Wednesday, June 29, 2011


The newly-named archbishop of Milan, Cardinal Angelo Scola, is quoted in a recent blog-post as saying, in part:

…I believe that the Christian proposal is particularly relevant now, because if we read the Gospel we see it revolves around the theme of happiness and freedom. Jesus said that if you wish to be happy, come and follow me, and he who follows me will be truly free. It inserts the dynamic of truth, goodness and beauty within the horizon of happiness and freedom.
So when the Christian proposal is freed from the many things that weigh it down because of the contradictions and sins in the men and women of the church, and is re-proposed in its youthful simplicity as an encounter with a humanity made whole by Christ, then it is more relevant than ever....
Certainly, Christianity implies a doctrine and a moral teaching, but they are incarnated in the life of a person and in the life of a community. Therefore, if I practice the Christian life for what it is – ‘the good life’ which the Gospel documents and witnesses to, then I can go and dialogue with everyone....”

There is a fundamental and important truth to this statement. Unfortunately, it doesn’t take a great deal of insight to understand all that comes under the phrase “the contradictions and sins in the men and women of the church.” And this is the core of the real problem (which in politics is simply labeled ‘credibility’): how does one effectively (even partially) separate the message from the messenger?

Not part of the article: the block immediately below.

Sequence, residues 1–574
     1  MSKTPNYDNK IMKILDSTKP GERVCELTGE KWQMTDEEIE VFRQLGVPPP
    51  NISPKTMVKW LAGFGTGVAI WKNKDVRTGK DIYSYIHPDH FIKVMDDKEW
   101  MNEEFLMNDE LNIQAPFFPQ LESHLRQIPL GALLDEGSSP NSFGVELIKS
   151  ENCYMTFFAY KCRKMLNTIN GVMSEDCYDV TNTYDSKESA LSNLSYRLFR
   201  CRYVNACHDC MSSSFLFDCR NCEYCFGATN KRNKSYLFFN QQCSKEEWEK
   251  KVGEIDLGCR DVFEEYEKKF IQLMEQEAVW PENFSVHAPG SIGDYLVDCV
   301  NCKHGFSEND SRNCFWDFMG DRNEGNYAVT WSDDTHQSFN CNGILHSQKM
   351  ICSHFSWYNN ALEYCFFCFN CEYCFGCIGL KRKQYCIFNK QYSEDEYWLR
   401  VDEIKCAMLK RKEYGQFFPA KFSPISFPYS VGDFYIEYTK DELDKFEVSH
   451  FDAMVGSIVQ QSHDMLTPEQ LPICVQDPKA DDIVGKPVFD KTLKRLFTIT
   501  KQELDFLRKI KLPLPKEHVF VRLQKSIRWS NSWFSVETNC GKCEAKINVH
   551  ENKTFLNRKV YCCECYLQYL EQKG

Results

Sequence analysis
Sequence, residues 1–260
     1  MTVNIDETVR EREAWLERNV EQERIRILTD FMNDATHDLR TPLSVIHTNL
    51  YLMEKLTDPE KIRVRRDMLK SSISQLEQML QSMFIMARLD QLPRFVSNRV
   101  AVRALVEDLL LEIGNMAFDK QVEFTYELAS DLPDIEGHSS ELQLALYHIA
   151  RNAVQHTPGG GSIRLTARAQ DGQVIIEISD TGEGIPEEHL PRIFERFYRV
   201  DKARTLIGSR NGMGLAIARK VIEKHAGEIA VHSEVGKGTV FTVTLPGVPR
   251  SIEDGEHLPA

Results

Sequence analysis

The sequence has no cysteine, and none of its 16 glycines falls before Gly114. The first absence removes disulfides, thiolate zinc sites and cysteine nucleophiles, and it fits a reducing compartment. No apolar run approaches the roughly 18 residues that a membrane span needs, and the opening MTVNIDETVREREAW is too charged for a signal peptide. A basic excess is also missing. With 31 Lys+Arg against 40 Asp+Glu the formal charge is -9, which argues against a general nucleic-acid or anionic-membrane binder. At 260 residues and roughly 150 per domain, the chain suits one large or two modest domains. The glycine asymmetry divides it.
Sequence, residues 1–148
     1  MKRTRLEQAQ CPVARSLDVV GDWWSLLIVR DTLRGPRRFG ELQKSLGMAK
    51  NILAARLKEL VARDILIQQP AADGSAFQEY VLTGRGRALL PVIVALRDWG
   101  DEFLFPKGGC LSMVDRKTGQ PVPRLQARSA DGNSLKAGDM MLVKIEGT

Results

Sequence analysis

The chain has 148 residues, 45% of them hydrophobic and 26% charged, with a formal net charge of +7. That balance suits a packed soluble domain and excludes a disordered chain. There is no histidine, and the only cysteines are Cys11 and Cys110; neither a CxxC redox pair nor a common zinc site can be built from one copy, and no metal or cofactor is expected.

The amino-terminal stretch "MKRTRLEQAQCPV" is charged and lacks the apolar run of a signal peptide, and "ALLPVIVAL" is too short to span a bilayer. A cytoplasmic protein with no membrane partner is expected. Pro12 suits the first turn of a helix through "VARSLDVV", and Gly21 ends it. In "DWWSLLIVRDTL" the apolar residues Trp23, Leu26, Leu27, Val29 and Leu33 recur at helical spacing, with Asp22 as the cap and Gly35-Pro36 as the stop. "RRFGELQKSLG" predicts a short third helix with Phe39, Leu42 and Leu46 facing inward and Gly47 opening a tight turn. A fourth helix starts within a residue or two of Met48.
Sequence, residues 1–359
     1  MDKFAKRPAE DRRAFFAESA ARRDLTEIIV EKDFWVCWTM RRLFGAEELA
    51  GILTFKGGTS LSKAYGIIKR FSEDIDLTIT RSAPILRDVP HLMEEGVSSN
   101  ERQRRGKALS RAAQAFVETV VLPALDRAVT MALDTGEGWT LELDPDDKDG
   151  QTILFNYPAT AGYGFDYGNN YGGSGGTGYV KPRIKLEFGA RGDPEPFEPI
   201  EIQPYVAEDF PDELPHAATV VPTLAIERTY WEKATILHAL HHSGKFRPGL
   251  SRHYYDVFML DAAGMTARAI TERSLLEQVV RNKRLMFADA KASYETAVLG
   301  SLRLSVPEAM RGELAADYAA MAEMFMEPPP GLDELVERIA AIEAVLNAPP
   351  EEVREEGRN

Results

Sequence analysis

If, as Cardinal Scola states, the Christian proclamation is “incarnated in the life of a person and in the life of a community,” then the quality of the proclamation is either enhanced or damaged by the quality of that incarnation in me/you/us. Tertullian long ago in the 2nd century asserted that Christians were known for the way they loved each other. We proclaim that in a hymn from the 1960s/1970s that is still sung today. But when it is not true that we love the Lord and others, when we become known for other behaviors instead, then we become anti-evangelists and signs of contradiction of a kind unimagined by Simeon (Luke 2:34).

Perhaps this is why Bl Charles de Foucauld insisted that the best evangelization is to “cry the Gospel with one’s life.” In fact, this may be the only proper and true evangelization in today’s world (see I Peter 3:15)—be ready to speak, but wait to be asked, and live so as to encourage the asking…


  1. This is a blog of rustic simplicity - to be read, absorbed, and re-read.
    It needs to be copied, imitated, and the living repeated over and over, hour by hour, until a habit is formed. And God, be merciful, let an apathetic Christian life be energized so that these energized beings can grow in number and overwhelm the untouched (by grace) souls of this secular world.

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